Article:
Hint 1: if $G$ is non-cyclic group, then $G/Z(G)$ cannot be non-trivial cyclic
Hint 2: any group of order a prime is cyclic
Hint 3 (because of your remark): $G$ is abelian iff $Z(G)=G$
Edit in respond to comments:
Yes, of course. In my answer, since
(1) $\,|Z(G)|=3\,$ and since
(2)$\,G/Z(G)\,$ is abelian,
then $\,G'\leq Z(G)\,$, and since it can't be $\,G'=1\,$ , then it must be $\,G'=Z(G)\,$ of order 3.
Now, it can't be $\,|Z(G)|=9, 27\,$ as then $\,G/Z(G)\,$ would be cyclic non-trivial, something that already was ruled out, or $\,G\,$ would be abelian, and the center cannot be trivial as $\,G\,$ is a p-group, as you mention...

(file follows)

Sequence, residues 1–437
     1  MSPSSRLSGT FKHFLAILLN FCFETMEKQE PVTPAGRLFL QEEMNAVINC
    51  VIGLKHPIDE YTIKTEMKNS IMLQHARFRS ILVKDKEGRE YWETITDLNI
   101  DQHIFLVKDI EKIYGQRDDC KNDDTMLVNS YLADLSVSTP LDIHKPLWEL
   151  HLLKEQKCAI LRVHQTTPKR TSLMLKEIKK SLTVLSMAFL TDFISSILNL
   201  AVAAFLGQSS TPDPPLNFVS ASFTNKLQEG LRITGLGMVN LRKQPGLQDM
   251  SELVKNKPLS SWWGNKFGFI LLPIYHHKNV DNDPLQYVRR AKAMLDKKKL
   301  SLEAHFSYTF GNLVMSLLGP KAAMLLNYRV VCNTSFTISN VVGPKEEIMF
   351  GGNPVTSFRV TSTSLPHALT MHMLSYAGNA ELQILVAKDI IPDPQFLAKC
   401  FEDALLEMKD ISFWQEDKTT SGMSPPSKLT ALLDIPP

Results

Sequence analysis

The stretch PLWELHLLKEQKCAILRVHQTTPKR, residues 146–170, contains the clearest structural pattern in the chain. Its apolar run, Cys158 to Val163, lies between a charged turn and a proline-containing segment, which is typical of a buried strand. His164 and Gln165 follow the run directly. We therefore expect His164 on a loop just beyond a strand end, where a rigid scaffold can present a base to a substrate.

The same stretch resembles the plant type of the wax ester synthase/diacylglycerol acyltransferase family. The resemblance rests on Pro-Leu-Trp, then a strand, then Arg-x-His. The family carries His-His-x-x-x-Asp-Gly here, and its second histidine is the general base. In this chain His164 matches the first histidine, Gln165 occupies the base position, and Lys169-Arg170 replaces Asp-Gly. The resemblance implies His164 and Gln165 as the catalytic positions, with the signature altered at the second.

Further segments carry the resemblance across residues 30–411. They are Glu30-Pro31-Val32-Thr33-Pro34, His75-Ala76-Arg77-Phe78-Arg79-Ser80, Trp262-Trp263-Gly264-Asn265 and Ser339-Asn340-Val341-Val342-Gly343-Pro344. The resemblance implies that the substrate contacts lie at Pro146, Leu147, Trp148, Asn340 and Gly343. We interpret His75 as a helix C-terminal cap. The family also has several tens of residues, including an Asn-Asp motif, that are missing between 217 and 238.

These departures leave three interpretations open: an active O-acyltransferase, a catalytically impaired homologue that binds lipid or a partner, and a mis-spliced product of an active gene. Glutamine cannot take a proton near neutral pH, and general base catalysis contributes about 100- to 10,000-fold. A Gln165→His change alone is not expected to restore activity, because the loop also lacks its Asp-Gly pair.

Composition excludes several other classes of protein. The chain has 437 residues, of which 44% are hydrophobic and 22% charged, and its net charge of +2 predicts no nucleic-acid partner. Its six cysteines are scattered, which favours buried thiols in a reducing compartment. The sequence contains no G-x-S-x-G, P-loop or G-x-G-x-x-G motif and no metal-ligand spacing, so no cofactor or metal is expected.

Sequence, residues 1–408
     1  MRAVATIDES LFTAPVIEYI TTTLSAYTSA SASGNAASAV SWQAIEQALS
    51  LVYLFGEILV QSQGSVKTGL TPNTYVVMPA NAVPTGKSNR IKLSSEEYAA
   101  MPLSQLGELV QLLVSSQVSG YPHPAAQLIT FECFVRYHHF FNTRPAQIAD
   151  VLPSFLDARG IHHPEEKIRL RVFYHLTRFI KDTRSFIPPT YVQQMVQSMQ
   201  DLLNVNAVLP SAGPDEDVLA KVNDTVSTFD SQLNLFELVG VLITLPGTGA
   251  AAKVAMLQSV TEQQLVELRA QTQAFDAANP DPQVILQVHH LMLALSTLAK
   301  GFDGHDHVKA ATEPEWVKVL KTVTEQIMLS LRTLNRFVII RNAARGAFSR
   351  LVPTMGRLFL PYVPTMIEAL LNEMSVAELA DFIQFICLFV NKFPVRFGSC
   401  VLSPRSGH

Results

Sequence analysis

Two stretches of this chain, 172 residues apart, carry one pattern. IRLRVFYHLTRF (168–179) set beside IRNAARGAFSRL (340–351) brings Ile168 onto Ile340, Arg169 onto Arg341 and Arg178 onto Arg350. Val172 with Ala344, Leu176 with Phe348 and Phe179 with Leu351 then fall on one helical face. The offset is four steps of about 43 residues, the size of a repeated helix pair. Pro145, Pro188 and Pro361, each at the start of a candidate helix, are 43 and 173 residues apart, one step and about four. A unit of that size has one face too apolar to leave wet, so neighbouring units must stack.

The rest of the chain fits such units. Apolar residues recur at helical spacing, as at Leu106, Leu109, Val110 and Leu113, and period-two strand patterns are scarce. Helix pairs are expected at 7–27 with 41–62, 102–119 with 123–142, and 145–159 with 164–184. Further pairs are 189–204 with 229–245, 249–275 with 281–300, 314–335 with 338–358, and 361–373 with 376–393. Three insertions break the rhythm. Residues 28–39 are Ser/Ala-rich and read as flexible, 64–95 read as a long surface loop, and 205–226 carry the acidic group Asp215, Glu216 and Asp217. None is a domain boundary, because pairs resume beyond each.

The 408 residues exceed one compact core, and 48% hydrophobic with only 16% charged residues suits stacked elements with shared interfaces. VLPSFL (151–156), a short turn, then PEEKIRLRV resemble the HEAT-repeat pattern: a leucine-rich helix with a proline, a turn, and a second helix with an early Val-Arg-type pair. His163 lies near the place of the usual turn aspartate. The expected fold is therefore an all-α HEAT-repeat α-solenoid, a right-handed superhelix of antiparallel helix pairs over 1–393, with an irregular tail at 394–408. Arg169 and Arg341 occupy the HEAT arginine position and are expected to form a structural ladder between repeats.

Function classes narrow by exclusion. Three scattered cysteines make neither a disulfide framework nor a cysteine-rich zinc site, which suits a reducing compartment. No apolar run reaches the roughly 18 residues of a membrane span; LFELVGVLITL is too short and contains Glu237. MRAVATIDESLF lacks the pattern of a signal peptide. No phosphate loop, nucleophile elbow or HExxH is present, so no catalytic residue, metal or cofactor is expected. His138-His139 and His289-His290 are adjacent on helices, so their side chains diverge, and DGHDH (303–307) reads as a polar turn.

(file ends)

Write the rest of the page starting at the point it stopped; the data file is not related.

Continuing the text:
It is not that the center of $\,G\,$ isn't trivial is "too elementary", but rather that it is a very important (or, as Amitzur would put it, the most important) characteristic of finite p-groups, so I suppose most of us assumed anyone asking what you did must already know this.